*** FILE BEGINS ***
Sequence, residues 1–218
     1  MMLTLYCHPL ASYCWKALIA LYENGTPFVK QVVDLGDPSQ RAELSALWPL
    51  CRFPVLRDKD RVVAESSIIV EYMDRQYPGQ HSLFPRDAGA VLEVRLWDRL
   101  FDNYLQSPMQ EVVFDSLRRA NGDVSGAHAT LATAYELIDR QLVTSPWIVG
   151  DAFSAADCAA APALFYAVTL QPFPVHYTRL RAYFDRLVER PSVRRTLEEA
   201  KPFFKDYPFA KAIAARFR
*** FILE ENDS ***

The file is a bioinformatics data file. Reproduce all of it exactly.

Sequence, residues 1–218
     1  MMLTLYCHPL ASYCWKALIA LYENGTPFVK QVVDLGDPSQ RAELSALWPL
    51  CRFPVLRDKD RVVAESSIIV EYMDRQYPGQ HSLFPRDAGA VLEVRLWDRL
   101  FDNYLQSPMQ EVVFDSLRRA NGDVSGAHAT LATAYELIDR QLVTSPWIVG
   151  DAFSAADCAA APALFYAVTL QPFPVHYTRL RAYFDRLVER PSVRRTLEEA
   201  KPFFKDYPFA KAIAARFR